November is National Family Caregivers Month

In 2011, President Obama proclaimed November as National Family Caregivers month to “pay tribute to the individuals throughout America who ensure the health and well-being of their relatives and loved ones.”  The proclamation honors “the tireless compassion of Americans who heal, comfort, and support our injured, our elders, and people with disabilities.  This month and throughout the year, let the quiet perseverance of our family caregivers remind us of the decency and kindness to which we can all aspire.”

As a society, it’s easy to pay lip-service to the folks in the trenches of caregiving.  Why wouldn’t the nation honor the 40 million family caregivers in the U.S. who, in 2013, provided an estimated 37 billion hours of assistance to an adult with activities of daily living?  According to the AARP, the estimated economic value of their unpaid contributions was approximately $470 billion in 2013.

But even the words “tireless” and “quiet perseverance” connote martyrdom, sacrifice and isolation. These attributes don’t always make the best caregivers and they devalue the all-important first rule of caregiving, which is to ask for help.  This year’s theme is, Take Care to Give Care, acknowledging the fact that caregiving, while rewarding, is physically and emotionally demanding.  By virtue of a caregiver’s role, the caregiver is at a higher risk of health issues.

Caregivers, celebrate yourself this month by recognizing the need to Take Care to Give Care, in whatever way makes sense to you.  In the words of a fellow caregiver, “I’ve become very good at asking for help, in putting necessity first and pride last.”  Successful caregiving takes a team.  Know your capabilities.  Spend time putting a network of support in place, to have people you can call on in an emergency.  People around you likely want to help, but they need to be told specifically what type of help you need and when you need it.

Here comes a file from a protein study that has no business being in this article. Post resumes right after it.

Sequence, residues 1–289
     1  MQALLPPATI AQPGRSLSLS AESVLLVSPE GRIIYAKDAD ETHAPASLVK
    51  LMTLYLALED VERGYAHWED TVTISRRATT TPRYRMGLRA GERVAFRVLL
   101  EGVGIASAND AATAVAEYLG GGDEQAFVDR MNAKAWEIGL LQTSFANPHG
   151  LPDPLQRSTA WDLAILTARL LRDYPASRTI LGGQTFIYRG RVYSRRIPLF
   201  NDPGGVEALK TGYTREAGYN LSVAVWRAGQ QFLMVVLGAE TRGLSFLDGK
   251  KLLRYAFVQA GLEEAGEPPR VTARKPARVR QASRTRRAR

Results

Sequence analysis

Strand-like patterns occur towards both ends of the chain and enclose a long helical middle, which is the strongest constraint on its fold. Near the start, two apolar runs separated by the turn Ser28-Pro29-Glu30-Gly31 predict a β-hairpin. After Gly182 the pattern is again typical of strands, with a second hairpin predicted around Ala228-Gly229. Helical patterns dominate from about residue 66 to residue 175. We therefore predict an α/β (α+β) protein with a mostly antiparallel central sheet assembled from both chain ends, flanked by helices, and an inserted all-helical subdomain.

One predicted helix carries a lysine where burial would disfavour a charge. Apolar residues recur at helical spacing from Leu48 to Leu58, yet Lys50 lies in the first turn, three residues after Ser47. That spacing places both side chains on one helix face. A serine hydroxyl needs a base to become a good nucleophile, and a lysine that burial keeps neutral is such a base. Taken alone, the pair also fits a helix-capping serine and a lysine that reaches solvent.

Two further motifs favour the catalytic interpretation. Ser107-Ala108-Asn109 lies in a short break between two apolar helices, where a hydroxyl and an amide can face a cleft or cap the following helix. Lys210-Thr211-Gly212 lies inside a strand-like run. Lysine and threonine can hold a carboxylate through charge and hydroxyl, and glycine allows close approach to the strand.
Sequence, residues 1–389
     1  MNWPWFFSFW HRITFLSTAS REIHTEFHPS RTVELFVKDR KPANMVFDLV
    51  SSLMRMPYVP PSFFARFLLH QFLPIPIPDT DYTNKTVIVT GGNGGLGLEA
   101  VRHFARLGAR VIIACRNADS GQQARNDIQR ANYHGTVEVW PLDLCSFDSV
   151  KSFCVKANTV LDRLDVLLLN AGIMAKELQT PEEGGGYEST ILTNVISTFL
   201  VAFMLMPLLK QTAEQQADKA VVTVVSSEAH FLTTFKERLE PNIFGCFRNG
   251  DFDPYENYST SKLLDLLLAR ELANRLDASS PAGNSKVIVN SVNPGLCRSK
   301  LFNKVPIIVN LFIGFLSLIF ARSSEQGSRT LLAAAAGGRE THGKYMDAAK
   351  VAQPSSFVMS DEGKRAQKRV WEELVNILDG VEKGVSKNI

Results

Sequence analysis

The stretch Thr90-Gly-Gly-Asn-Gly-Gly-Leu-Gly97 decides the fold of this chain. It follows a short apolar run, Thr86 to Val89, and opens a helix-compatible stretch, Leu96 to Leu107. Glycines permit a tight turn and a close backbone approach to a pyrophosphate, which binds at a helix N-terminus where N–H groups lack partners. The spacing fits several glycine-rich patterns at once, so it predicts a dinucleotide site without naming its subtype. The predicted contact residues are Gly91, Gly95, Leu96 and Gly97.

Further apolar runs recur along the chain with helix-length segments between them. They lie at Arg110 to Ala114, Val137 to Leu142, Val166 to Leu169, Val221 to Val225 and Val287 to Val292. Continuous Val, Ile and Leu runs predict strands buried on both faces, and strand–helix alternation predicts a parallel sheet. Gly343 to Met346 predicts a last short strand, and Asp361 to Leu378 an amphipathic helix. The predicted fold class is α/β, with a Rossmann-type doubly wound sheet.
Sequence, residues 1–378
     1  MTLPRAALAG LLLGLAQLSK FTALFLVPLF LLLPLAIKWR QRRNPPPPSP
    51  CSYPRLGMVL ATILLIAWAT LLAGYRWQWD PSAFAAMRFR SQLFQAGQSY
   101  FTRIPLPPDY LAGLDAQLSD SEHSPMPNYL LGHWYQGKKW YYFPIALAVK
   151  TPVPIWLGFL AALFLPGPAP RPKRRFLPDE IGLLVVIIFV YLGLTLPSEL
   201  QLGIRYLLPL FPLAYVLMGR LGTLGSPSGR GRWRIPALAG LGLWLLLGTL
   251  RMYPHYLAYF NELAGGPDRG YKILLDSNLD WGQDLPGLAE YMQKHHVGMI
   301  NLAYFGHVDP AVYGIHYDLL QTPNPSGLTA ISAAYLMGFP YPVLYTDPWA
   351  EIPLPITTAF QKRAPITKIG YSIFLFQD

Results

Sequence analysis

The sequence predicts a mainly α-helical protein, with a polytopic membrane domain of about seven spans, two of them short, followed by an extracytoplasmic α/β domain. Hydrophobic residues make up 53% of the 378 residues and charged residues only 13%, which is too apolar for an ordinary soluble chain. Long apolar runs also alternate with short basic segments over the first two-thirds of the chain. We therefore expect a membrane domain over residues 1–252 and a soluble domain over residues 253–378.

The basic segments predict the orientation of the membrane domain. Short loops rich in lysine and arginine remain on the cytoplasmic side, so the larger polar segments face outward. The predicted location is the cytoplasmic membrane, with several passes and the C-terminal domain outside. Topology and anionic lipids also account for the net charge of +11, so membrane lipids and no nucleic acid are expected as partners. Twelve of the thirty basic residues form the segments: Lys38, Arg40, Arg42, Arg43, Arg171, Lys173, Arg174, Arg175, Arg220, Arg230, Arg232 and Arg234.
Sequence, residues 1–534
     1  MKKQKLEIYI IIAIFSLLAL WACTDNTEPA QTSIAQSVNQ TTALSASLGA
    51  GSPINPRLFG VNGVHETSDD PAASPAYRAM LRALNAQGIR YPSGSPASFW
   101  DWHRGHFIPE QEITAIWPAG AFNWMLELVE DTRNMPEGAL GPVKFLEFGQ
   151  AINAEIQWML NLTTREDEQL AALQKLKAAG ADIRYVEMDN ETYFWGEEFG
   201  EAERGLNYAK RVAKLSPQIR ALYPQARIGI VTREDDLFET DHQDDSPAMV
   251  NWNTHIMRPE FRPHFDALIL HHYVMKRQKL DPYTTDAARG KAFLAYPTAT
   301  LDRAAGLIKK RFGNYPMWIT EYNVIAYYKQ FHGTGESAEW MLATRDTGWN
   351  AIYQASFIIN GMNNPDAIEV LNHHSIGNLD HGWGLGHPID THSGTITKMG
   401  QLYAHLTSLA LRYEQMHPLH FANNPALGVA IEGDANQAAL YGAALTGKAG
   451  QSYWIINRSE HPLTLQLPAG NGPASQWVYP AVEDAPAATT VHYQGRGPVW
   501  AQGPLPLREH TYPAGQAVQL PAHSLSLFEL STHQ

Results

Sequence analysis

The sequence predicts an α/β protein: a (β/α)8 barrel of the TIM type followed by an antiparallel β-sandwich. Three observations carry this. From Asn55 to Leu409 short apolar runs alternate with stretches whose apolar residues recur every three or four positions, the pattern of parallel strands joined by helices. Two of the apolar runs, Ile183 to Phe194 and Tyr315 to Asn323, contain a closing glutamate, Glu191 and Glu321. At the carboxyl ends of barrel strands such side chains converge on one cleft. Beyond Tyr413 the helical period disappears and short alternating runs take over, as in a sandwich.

Some additional reminders from the Caregiver Action Network:

  • Caregiving can be a stressful job. Most family caregivers say they feel stressed providing care for a loved one. With all of their caregiving responsibilities – from managing medications to arranging doctor appointments to planning meals – caregivers too often put themselves last.
  • The stress of caregiving impacts your own health. One out of five caregivers admit they have sacrificed their own physical health while caring for a loved one. Due to stress, family caregivers have a disproportionate number of health and emotional problems. They are twice as likely to suffer depression and are at increased risk for many other chronic conditions.
  • Proper nutrition helps promote good health. Ensuring that you are getting proper nutrition is key to help maintain your strength, energy and stamina, as well as strengthening your immune system. Maintaining a healthy diet is one of the most powerful things you can do to take care of yourself and keep a positive attitude overall.
  • Ensuring good nutrition for your loved one helps make care easier. As many as half of all older adults are at risk for malnutrition. Good nutrition can help maintain muscle health, support recovery, and reduce risk for re-hospitalization – which may help make your care of a loved one easier.
  • Remember: “Rest. Recharge. Respite.” People think of respite as a luxury, but considering caregivers’ higher risk for health issues from chronic stress, those risks can be a lot costlier than some time away to recharge. The chance to take a breather, the opportunity to re-energize, is vital in order for you to be as good a caregiver tomorrow as you were today.